I dream of Luigi.
Mario & Luigi: Dream Team see Nintendo’s iconic plumbers take on another platforming RPG adventure after Bowser’s Inside Story, with Dream Team being the first title in the series to make an appearance on the 3DS.
The Pi’illo people inhabitated the island long ago. The people were blessed with the ability to travel in and out of a dream world. On the island there existed two stones – the dream and dark stones, both granters of wishes. The dream stone was formed of happy dreams, whereas the dark stone was a solid manifestation of nightmares. The safekeeping of these stones was handed to the Pi’illo people, but they grew lax and one day the bat king, Antasma, stole the dark stone to fulfish his own wishes. At great risk and great cost, the Pi’illo people fought him and cornered him, but just as Antasma was to be imprisoned in the dream world, he shattered the stolen dark stone. A black rain of nightmare chunks from the dark stone fell all over the island and as the Pi’illo were exposed to the chunks, they were petrified. This is where the two brothers, Mario and Luigi, come into play.
After a brief cut-scene, involving Princess Peach receiving an invitation to visit the luxury Pi’illo Island, you are transported to the island, where you’ll meet the bizarre looking Dr Snoozemore at Pi’illo blimport. Dr Snoozemore is researching the science of sleep. You’ll be given a brief tutorial about exploration of the island, along with a couple of fun and entertaining mini games to get your adventure started.
The core mechanics of the game are quite basic and will see the player transporting back and forth from the real world to the dream world. Luigi is the key to entering the dream world, allowing Mario and a Luigi clone to adventure while the real Luigi has a nap in the real world. The dream world takes on a two dimensional view, whereas the real world can be explored in three dimensions, making the two areas look very distinct. Moving the two brothers through the environment simultaneously can be awkward at times, and takes a little practice, but feels quite natural after a short while.
A large part of the gameplay will revolve around combat as the player takes on the various enemies that they encounter.The game’s tutorial is quite heavy going, lasting far longer than it needs to, and the player is shown a number of different moves that they can perform in combat. Enemies can be seen beforehand, so per-emptive attacks come in handy to get the upper hand. Once in battle, command blocks appear above your head, where you can attack, jump, flee, or use a valuable item such as a mushroom to recover health. Essentially, once you’ve selected what action will be your next move, it’s simply a matter of timing to use your move most effectively.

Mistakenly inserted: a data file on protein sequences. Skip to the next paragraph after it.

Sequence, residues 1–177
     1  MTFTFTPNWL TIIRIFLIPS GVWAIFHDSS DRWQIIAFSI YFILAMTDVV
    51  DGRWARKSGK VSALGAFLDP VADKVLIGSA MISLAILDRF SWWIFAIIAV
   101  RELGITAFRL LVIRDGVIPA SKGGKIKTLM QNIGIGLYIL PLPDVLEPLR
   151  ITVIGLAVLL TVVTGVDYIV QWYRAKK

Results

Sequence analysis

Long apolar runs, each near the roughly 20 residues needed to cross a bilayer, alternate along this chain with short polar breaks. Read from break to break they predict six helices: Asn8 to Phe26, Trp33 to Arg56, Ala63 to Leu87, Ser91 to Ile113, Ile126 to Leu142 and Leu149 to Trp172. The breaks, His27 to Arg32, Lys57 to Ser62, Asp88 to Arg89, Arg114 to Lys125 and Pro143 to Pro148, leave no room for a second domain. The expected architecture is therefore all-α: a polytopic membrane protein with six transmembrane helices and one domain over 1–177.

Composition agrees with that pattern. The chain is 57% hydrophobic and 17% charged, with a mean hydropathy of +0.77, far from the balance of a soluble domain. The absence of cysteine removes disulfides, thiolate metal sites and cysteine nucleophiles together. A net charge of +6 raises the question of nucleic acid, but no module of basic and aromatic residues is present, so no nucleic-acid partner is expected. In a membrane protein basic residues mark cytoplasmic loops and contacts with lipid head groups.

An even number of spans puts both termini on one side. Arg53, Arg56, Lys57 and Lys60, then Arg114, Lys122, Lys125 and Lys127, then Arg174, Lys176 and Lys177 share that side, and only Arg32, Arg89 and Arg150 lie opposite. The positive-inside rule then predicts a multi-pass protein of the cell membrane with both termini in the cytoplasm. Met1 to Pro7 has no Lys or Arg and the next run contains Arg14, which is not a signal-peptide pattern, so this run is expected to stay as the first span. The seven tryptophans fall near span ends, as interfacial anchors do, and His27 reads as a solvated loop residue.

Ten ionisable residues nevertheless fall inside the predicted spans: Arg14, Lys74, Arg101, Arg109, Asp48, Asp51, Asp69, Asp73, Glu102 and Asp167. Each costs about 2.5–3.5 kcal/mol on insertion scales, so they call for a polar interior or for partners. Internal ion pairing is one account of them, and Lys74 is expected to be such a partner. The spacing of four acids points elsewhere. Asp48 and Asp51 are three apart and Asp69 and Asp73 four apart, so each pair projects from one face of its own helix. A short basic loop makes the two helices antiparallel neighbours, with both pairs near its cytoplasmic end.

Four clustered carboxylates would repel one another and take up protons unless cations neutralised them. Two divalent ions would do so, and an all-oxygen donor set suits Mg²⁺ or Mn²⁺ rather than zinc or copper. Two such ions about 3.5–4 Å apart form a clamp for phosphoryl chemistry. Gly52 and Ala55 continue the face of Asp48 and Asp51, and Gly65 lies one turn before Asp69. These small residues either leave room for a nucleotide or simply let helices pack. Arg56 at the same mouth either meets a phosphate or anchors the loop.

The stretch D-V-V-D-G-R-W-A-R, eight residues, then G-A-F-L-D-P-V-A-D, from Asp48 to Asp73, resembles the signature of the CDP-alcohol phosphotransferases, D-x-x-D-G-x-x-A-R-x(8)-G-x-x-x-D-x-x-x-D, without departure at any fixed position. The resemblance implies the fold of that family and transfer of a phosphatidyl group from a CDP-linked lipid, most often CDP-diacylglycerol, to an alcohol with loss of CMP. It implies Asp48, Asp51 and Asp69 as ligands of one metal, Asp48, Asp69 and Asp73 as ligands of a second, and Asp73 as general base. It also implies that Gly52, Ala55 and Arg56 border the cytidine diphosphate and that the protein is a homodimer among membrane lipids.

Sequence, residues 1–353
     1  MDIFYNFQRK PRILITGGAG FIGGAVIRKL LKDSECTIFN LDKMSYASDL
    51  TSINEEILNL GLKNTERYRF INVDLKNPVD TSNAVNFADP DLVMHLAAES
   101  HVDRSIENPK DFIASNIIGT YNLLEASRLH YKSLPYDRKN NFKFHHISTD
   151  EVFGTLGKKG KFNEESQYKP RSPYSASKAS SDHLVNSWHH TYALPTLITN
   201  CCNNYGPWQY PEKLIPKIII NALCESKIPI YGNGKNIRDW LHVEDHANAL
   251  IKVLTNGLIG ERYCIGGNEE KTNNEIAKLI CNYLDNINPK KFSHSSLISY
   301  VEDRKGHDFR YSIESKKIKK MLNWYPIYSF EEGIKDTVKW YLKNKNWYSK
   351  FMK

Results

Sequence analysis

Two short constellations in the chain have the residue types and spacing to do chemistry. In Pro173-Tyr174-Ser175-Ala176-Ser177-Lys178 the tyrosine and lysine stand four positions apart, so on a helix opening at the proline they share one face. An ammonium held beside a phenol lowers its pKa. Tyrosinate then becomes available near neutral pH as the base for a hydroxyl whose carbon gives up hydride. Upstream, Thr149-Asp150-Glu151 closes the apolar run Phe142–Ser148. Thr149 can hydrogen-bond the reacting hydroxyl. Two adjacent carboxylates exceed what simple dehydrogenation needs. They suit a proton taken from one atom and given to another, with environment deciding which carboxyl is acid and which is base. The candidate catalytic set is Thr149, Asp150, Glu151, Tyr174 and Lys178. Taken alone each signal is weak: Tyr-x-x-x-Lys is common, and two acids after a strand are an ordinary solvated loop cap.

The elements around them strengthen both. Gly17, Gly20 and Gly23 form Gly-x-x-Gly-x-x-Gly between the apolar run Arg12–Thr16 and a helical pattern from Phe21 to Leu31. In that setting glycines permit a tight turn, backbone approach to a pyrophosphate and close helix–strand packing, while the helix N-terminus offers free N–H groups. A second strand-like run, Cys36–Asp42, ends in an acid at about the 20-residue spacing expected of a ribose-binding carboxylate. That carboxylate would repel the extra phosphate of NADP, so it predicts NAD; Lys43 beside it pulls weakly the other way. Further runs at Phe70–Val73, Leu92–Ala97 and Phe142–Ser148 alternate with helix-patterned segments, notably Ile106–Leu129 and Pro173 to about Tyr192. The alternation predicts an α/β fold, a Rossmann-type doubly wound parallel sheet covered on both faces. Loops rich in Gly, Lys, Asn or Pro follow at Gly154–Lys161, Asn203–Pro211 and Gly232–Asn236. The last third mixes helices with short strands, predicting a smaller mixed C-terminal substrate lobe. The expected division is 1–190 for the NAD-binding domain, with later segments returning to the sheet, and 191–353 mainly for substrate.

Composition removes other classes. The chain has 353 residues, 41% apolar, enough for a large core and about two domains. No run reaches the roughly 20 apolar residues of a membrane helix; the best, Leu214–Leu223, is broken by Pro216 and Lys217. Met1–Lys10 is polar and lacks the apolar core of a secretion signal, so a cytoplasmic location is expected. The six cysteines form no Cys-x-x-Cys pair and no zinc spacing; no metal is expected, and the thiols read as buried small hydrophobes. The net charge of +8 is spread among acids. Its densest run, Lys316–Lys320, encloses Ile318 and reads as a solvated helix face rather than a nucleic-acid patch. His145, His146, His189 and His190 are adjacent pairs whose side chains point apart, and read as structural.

The battle system is basic, but quite fulfilling, especially when watching mini Luigi’s rain down upon an enemy. Mario and Luigi can earn badges through the game, and these badges can be used in battle for various effects. In order to use these badge effects, a meter has to be filled by performing successful attacks. The different badges offer a variety of effects depending on your badge combo. Also within the game, both brothers can earn themselves wearable equipment to protect them in battle, which is always handy.
The clever way Nintendo have incorporated the two plumbers into the Luiginary works is very interesting, blending and using the game’s background in an entertaining way. Pressing the R shoulder button, an action icon appears, and pressing B enables dreamy Luigi to be connected with a pillar on screen. The bottom screen then enables you to interact with the sleeping Luigi, such as by guiding his moustache to catapult Mario on the top screen, scratching Luigi’s nose to blast the entire area with a strong gust of wind.
During gameplay, you’ll wander the island, exploring dungeons and other areas of interest, and find yourself being transported back and forth from the dream world to the real world through portals, when Luigi lays down and falls asleep on a special pillow. The storyline is engaging, but I did find that the game tried too hard to be funny at times. Some of the characters just fail to be funny at all and left me scratching my head, wondering if I should be laughing. To be honest, I wasn’t keen on Dr Snoozemore and his minions.
The graphics in the game were bright and colourful, but just didn’t feel modern enough. This could have been partially due to playing the game on the 3DS XL – the larger screen really didn’t do the game any favours. But the visuals are only part of the story and the game manages to combine both the 2D and 3D environments with an engaging story and an easy to learn combat system. During the game, you’ll discover the Pi’illo people have been trapped within the chunks of nightmare and their souls have been held hostage, where they were dispersed across the island. It’s down to you to enter the dream world and destroy the nightmare chunks.
Mario & Luigi: Dream Team stumbles on its quest to be a truly great game. The extended tutorial slows down the beginning of the game far too much, and the visuals on the 3DS XL were flawed. But that being said, it is a fun game that has a good story, enjoyable combat and loads of collectibles. If you are a fan of the plumber brothers, this is certainly a worthwhile investment.